In the world of automotive restoration, it's common to find cars that have been beaten on and then restored back to their original glory. Cars that were once weekend warriors with acid-dipped fenders and hacked suspensions retire from their racing days to return to the street. Street cars that have been through the excruciating torment of the daily commute and grocery store parking lots find refuge in a collector. These cars are usually rich with history and stories, as well as their fair share of blemishes.
Keith Hare of Elkins, West Virginia, picked up this Medium Gold Metallic '68 Dart GTS in August 1967 for $500. The powerplant had been removed, but the body was all in place. He had set his sights on building a street stomper and sought a worthy engine to achieve tire-dissolving power, so a 440 was taken out of a wrecked '67 R/T and transplanted into the GTS. This proved to be a poor marriage once Keith hit the streets. He soon realized that more power doesn't always make things better. The GTS became an unruly animal on street tires. Rather than try and tame the beast, he opted to find an alternative power supply and chose a 340. This engine would serve the Dart well until 1981 when the Dart was put aside for a while.
Finally in 1986, Keith was able to turn his attention back to the Dodge. This time around, he was inspired by the recent restoration craze that had taken over. The previous owner had attempted a '70s hot-rodding look by hiking the rear with oversized tires and extended air shocks (bolstered with pipes). Eventually, this poorly rigged setup came crumbling down and took out the rear quarter-panels. The car then underwent a full restoration that included rechroming the bumpers, new quarters, and paint.
This time period also saw the rise of yet another 340 mill between the fenders. With the car looking good and a smooth running engine under the hood, Keith enjoyed the car until 1991 when disaster struck<0x2014>he hit an electrical pole after going airborne. The inner fender looked like an accordion and was part of the unibody.
It looked like the end of the road for this spirited hardtop. Keith was set to send the GTS to be stripped and sent off to meet the crusher, but he was talked out of it by his friend, a former body repair man. His friend insisted there was life left in the twisted frame of the Dart and worked his magic on the car and brought it back to its former glory.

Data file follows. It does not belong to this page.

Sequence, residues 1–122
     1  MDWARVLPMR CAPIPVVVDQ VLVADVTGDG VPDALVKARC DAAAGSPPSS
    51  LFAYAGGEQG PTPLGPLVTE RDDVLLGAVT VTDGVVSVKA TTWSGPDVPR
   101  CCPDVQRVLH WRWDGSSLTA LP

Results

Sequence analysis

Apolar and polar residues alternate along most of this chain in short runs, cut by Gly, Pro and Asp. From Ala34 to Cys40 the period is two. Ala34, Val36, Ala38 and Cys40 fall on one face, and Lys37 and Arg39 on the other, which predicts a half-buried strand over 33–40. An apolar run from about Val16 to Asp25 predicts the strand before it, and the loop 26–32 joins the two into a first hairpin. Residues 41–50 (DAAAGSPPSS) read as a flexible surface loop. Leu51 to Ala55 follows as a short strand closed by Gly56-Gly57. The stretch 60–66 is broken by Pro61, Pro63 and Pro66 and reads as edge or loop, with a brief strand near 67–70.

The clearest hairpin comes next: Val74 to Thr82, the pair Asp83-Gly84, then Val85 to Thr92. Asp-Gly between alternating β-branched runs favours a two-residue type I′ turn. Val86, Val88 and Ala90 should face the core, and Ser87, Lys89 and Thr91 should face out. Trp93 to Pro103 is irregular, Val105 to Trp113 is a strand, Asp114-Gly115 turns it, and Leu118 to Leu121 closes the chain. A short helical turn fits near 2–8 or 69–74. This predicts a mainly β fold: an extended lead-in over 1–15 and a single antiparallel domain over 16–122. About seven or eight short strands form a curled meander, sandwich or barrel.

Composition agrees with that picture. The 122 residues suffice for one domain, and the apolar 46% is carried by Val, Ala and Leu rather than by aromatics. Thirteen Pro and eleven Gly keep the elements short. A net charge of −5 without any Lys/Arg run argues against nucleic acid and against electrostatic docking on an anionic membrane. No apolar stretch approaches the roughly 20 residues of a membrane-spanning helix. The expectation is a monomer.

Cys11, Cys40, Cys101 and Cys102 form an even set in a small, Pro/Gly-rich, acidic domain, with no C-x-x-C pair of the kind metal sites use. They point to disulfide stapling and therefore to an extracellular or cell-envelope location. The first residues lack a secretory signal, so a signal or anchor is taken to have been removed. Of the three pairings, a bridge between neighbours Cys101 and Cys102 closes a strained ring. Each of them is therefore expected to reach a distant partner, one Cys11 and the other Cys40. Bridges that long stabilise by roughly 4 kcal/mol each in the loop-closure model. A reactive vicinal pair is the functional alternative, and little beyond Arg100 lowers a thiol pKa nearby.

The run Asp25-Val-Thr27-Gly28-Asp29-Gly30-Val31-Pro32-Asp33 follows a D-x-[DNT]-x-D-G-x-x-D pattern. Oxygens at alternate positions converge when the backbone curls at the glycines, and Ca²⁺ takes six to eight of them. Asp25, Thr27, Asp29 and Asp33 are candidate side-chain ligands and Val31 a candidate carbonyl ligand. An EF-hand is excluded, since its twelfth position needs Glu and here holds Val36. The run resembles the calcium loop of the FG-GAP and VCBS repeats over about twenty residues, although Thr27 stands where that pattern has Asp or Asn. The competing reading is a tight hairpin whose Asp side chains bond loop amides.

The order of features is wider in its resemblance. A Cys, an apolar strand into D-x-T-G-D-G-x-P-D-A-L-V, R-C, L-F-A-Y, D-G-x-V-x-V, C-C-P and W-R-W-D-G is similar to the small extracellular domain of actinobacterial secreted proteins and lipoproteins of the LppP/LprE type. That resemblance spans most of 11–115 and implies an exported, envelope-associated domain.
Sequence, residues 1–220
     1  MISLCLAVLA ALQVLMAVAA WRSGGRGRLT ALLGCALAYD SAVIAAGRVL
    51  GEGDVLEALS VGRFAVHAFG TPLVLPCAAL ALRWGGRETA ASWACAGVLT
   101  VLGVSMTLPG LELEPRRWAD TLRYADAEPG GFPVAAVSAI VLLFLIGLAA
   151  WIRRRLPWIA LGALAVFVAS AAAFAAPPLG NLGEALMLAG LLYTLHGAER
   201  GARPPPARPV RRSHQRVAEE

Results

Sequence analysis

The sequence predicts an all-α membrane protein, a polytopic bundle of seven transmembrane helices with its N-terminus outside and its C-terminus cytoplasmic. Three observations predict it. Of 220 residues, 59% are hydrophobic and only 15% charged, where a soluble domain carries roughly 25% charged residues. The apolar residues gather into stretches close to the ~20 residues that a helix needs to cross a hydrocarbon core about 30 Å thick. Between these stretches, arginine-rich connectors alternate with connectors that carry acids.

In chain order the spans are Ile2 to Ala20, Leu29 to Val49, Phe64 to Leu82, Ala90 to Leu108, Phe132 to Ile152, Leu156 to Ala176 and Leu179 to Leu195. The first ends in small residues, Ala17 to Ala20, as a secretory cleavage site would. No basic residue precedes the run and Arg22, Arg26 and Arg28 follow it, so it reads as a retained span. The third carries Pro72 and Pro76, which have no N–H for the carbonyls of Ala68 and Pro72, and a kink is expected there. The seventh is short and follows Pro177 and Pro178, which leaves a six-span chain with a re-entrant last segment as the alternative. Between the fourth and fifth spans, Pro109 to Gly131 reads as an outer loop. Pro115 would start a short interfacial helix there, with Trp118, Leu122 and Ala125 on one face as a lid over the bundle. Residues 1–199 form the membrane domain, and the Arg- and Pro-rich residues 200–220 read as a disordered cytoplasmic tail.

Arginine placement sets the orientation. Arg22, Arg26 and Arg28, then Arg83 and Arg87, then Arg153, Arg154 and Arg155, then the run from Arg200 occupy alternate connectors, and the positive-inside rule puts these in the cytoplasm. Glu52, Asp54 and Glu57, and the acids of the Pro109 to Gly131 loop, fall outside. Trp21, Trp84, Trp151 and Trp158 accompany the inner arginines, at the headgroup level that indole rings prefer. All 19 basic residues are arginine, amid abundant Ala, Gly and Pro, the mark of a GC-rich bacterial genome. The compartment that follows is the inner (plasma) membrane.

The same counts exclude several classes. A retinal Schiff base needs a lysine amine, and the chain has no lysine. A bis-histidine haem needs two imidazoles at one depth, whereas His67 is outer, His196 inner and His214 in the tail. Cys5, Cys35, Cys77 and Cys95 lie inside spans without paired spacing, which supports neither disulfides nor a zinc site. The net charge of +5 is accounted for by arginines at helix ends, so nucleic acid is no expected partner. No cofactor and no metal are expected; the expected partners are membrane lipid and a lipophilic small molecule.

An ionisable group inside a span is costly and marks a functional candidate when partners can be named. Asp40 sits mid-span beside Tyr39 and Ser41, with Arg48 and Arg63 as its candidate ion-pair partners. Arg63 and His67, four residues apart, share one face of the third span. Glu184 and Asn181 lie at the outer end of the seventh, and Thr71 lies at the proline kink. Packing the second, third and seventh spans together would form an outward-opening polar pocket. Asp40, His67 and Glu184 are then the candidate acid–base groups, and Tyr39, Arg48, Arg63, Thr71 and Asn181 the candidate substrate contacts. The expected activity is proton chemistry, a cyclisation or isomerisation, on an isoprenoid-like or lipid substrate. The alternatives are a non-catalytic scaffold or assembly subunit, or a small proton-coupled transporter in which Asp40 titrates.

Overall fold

With salvation at hand, the restoration process took full stride. Keith fully rebuilt the 340 and filled it with performance goodies. The stock rods were attached to Federal Mogul flat-top pistons, and he ported the X cylinder heads. A spicy cam was added to add some zest, while an Edelbrock intake and carburetor feed it a steady diet of fuel and air. This was evacuated from the engine with a set of ceramic-coated headers into a set of 2.25-inch turbo mufflers. The Chrysler 8.75-inch rear had a Sure Grip limited-slip differential installed to get power to both tires. The four-speed transmission was strengthened with a fresh Mopar clutch and a No. 3300 pressure plate.
The suspension was fully rebuilt, and stock drum brakes were retained up front and out back. All the white-on-black interior pieces were ordered from YearOne. Keith tracked down the original center console from the original owner's ex-mother-in-law.
After owning the car for over 30 years, Keith enjoys the beauty that he built. It had seen a hard road, but that only put more character into the GTS. It just goes to show that a $500 beater can have limitless potential.